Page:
“Some of our neighbors survived, but most of them died,” said Olha, “They lived on the lower levels where everything was destroyed.” Olha Botvinova survived a deadly attack on a residential building in Dnipro, Eastern Ukraine on Jan. 14, when Russians launched a missile attack against the city. One of the missiles hit Olha’s building killing 46 residents including six children.
“Everything was burning, everything was full of smoke,” Olha remembered, “Explosions continued, and we heard many screams. People screamed really loud at first, but soon, there were fewer and fewer voices.”
It was because she was with her husband, a surgeon, that Olha survived. He managed to slow her bleeding while the couple waited more than three hours in the nearly destroyed building before rescuers finally got to them.
“It was like a second birth,” Olha said, of emerging from the destruction.
Escaping the “Russian World”
Olha and her husband, Yevhen, are originally from Donetsk, which was once one of the biggest cities in Eastern Ukraine with nearly a million residents. Olha worked there as a bank manager, and Yevhen worked as a surgeon in a local clinic.
In 2014, however, things changed for the family. That spring, Russia annexed the Crimean peninsula in Ukraine and launched a war in Donbas, which affected the city of Donetsk and nearby areas. Russia-affiliated proxies proclaimed a so-called Donetsk People’s Republic effectively separating the region from the rest of Ukraine.
“We decided to leave and moved to Kherson,” said Yevhen, “I found a job there, and Olha started working as a trainer for entrepreneurs. She was always interested in psychology.”
The couple lived in Kherson for eight years. The city is in Southern Ukraine, close to the Crimean Peninsula. It was the first and only regional capital that Russia managed to occupy since the start of its full-scale invasion of Ukraine in 2022.
So the couple had to flee again.
“When Russians occupied Kherson, I managed to evacuate Olha right away,” Yevhen recalled, “I drove her to Dnipro and returned home to help people. But quickly, Russians started putting a lot of pressure on the hospital. They were forcing us to sign documents that we were now working in Russia. We were also supposed to start using Russian money. Of course, I was against that, so I left for good.”
The escape was difficult.
“I had to sleep in the fields to leave the occupied area,” the man said, “It took a long night to pass the Russian-controlled area.”
When Yevhen finally reached Dnipro, he started to work there as a surgeon. Olha was already settled in the city. In June, the couple rented out a one-bedroom apartment in a residential area in Dnipro.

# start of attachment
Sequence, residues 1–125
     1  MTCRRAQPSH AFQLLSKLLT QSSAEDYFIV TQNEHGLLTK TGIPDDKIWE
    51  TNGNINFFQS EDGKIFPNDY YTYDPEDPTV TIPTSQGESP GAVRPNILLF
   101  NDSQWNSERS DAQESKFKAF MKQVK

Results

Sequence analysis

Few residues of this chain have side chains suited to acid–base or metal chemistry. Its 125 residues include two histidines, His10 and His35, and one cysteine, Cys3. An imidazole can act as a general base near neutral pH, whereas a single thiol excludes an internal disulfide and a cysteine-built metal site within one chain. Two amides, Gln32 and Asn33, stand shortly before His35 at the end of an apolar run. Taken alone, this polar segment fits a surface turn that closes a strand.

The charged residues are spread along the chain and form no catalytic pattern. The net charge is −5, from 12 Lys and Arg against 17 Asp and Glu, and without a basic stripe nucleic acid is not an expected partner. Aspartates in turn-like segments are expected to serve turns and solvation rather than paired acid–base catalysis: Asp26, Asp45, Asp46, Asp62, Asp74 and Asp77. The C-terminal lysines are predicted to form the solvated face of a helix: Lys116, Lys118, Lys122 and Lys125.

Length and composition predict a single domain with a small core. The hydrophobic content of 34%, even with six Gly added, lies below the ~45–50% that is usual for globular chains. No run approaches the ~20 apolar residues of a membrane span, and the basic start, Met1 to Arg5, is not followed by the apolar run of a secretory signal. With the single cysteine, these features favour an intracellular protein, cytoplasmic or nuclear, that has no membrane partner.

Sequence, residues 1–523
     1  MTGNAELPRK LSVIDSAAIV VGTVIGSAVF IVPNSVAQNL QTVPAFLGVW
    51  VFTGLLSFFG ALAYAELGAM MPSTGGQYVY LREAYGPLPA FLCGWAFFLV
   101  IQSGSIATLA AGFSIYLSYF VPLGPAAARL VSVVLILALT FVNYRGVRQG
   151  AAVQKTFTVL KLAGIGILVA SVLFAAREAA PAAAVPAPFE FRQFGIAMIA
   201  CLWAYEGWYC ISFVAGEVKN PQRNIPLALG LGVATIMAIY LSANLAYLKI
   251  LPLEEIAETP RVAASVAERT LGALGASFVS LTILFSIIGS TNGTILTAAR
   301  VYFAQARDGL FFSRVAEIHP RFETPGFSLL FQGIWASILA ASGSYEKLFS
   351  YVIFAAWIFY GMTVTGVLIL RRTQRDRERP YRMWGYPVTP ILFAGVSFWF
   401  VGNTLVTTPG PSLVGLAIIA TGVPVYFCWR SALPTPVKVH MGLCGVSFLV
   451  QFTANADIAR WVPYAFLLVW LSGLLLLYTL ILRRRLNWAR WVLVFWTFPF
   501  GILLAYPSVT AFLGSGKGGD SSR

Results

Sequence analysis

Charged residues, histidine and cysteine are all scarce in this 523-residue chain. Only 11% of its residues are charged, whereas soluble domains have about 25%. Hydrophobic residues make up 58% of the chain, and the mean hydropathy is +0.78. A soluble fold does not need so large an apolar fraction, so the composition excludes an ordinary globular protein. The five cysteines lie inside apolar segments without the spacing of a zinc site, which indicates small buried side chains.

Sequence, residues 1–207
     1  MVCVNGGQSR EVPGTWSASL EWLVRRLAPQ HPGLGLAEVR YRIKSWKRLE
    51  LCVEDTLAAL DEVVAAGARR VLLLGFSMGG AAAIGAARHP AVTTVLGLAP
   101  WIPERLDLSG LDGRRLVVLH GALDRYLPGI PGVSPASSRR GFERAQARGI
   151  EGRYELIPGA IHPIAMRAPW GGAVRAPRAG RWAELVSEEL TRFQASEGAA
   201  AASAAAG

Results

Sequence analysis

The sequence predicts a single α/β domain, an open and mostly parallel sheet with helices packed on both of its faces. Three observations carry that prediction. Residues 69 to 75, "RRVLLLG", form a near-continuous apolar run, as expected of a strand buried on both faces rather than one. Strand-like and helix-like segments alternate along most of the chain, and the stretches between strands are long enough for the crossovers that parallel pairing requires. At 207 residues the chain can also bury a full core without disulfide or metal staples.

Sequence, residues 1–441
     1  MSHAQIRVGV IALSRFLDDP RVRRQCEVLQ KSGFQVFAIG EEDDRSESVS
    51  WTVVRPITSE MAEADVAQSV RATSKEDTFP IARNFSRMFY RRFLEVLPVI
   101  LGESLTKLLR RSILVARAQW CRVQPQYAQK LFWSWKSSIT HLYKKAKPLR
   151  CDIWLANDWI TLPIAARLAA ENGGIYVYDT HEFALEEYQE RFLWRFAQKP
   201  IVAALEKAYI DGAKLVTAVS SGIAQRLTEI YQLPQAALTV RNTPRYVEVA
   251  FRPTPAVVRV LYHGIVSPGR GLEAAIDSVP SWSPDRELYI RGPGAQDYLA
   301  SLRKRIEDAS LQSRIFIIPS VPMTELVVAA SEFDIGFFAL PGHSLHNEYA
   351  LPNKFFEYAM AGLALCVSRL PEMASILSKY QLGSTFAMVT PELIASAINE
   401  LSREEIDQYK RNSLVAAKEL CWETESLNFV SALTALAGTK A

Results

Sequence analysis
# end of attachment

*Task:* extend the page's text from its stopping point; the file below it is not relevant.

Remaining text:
It was that apartment that was hit on Jan. 14.
Surviving the Attack
“It was Saturday, a day off, but I had to work,” Yevhen recalled, “I got home after work, and Olha was just finishing her stuff. I felt good, happy even, and I didn’t expect anything bad to happen so soon.”
On that day, their building had little electricity, so it started getting cold. Olha was annoyed because she could not work as her internet was too weak. She could not even call her team to finish a work call.
“I remember Yevhen calling me to the living room,” the woman said, “He was under the blanket on the coach, and he wanted me to come and rest with him. Ten minutes before the attack I got under the blanket and hugged him really tight.”
The next thing the couple remembers were explosions.
“I could not be happy to be alive because I knew so many people died.”
“When the missile hit, I saw how the window frame flew over me,” Yevhen said, “It hit the other side of the room. Glass, walls, and rubble: all started falling on us.”
The man remembers: he had no panic. He checked on his wife: she had an injury and was bleeding from her temple.
“There was a lot of blood, and it looked bad, but I am a surgeon, and I saw that it was not too deep,” Yevhen said, “I made some bandages and pressed on the wound to reduce bleeding.”
The couple had an emergency suitcase for crisis situations. They worried that there would be new explosions and so they wanted to leave the building right away.
“When we tried to exit the apartment, we saw that there were no more stairs, and everything was too damaged to go down,” Yevhen said, “So we decided to stay where we were. I knew that if the kitchen floor would hold, then the rescuers would get to us.”
“We sat on the kitchen floor for three hours,” Olha recalled, “My husband would come to what used to be the window and send light signals with a flashlight. He was showing that we were still here and that we were alive.”
The rescuers managed to get the couple out of the building. Olha lost consciousness on her way to the hospital.
“I woke up already in the clinic,” the woman recalled, “The doctor told me that we were blessed to have survived that attack. There were many of our neighbors in that hospital, some of them died, and some of them survived. It was very hard.”
“My fight thought when I woke up was: Thank God that we’re alive,” Olha continued, “I was crying and in shock. My body was shaking. But the next day, it was very different. I could not be happy to be alive because I knew so many people died.”
The couple spent ten days in the hospital and had to go through rehabilitation.
While in the hospital, Olha and Yevhen learned that their apartment in Kherson was also destroyed. On Jan. 15, a day after the deadly attack on Dnipro, Russia launched an attack on residential areas in Kherson.
Despite that, the couple remained optimistic.
“The most important thing is that we’re alive,” Yevhen said.
“I want us to improve our health and return back to our community,” Olha concluded, “I want to be useful to people and work toward victory.”
All photos courtesy of Olha Botvinova, Jan. 14, 2023.
Cover image: Olha’s clothes after the attack.